BP (LON: BP), which operates the Shah Deniz gas field in Azerbaijan, believes the two consortiums currently vying for rights to pipe gas from the Caspian Sea field to markets in Western Europe have roughly equal chances.
A consortium including BP, Statoil (NYSE: STO), SOCAR, and Total (NYSE: TOT) is projected to come to a decision by the middle of this year on whether to direct gas via the Nabucco West pipeline into Austria or the Trans-Adriatic Pipeline project to send the gas into Italy.
“I genuinely believe both pipelines at the moment have an equal chance,” said Al Cook, who is in charge of BP’s Azeri operations. “There’s certainly no clear-cut answer at the moment,” he told reporters at a conference in Vienna.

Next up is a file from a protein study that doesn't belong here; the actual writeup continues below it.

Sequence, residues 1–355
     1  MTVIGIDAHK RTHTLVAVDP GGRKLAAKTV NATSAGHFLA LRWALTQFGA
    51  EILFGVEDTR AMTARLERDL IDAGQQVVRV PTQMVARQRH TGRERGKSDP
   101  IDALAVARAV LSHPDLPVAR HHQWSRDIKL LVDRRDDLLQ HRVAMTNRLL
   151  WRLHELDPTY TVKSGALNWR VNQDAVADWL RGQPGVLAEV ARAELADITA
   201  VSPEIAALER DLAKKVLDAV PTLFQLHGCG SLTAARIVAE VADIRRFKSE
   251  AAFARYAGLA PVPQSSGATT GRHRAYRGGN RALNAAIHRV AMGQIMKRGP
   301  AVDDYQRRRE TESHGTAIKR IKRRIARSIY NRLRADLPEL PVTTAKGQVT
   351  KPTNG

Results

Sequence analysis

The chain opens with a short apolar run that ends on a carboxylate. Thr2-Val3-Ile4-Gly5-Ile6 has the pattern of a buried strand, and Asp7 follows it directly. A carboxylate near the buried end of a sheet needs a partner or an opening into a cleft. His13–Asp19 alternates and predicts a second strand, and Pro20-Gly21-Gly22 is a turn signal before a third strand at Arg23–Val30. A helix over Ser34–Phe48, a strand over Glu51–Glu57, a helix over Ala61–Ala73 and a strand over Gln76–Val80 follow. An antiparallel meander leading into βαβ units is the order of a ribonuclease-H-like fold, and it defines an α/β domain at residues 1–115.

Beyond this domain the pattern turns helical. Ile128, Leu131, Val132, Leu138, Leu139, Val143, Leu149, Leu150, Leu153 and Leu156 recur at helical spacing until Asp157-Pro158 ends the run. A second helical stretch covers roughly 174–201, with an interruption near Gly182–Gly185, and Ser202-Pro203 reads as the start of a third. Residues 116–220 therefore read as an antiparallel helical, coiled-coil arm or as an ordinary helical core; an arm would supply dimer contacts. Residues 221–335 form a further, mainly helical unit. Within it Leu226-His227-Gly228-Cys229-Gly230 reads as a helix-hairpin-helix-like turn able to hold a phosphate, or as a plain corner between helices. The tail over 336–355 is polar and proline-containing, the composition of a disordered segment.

Whichever pipeline project ends up being the final choice, the countries that it runs through stand to benefit hugely.
If the Nabucco pipeline is chosen, then Bulgaria, Hungary, Romania, and Austria would receive billions of investment dollars. If it’s the Trans-Adriatic, then Greece, Albania, and Italy would see a windfall.
At the final stage, the Trans-Anatolian pipeline would link with either of these two pipelines to bring the gas to Europe via Turkey.
The Shah Deniz gas field, Azerbaijan’s biggest, is presently under development by the BP consortium. Some 1.2 trillion cubic feet of gas is estimated to be present in that field, which has been operational since 2006.
Now, the Shah Deniz consortium owns equity options in both the Nabucco West and the Trans-Adriatic projects—BP has 20 percent in the latter and 14 percent in the former.